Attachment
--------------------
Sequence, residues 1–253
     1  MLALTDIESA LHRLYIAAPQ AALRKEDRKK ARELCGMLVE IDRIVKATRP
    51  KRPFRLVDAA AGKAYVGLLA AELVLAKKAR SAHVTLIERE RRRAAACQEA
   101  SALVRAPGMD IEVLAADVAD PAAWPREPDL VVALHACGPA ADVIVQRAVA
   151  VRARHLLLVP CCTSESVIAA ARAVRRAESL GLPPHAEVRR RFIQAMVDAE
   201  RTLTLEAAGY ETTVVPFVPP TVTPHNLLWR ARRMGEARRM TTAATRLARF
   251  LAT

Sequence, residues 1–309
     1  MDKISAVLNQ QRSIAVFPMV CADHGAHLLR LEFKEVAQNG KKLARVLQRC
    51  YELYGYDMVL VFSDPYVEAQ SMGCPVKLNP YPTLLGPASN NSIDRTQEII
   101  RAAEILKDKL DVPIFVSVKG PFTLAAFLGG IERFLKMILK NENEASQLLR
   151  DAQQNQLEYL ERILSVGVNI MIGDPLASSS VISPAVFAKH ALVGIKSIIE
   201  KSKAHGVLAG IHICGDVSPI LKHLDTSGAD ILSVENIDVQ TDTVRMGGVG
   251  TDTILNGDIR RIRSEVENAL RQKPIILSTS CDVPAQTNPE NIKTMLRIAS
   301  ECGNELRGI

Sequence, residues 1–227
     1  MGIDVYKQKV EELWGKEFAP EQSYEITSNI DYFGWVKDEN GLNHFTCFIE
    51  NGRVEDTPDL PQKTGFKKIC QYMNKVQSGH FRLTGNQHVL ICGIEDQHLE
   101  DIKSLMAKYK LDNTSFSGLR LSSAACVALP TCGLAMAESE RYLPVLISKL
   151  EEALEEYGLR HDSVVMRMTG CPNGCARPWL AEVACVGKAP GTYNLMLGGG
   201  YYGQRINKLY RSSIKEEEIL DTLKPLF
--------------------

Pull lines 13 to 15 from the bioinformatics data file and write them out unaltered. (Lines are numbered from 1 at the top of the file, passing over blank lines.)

   201  KSKAHGVLAG IHICGDVSPI LKHLDTSGAD ILSVENIDVQ TDTVRMGGVG
   251  TDTILNGDIR RIRSEVENAL RQKPIILSTS CDVPAQTNPE NIKTMLRIAS
   301  ECGNELRGI